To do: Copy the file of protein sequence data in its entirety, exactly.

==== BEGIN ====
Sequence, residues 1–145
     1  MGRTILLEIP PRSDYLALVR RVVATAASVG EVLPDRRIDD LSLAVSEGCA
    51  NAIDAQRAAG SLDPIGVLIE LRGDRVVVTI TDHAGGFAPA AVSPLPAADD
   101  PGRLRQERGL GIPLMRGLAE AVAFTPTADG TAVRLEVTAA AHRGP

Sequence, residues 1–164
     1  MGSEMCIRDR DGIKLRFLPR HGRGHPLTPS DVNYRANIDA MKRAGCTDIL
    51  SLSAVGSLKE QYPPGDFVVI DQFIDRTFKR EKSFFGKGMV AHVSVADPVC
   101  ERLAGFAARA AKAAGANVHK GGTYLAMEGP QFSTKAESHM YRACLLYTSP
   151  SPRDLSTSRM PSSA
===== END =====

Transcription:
Sequence, residues 1–145
     1  MGRTILLEIP PRSDYLALVR RVVATAASVG EVLPDRRIDD LSLAVSEGCA
    51  NAIDAQRAAG SLDPIGVLIE LRGDRVVVTI TDHAGGFAPA AVSPLPAADD
   101  PGRLRQERGL GIPLMRGLAE AVAFTPTADG TAVRLEVTAA AHRGP

Sequence, residues 1–164
     1  MGSEMCIRDR DGIKLRFLPR HGRGHPLTPS DVNYRANIDA MKRAGCTDIL
    51  SLSAVGSLKE QYPPGDFVVI DQFIDRTFKR EKSFFGKGMV AHVSVADPVC
   101  ERLAGFAARA AKAAGANVHK GGTYLAMEGP QFSTKAESHM YRACLLYTSP
   151  SPRDLSTSRM PSSA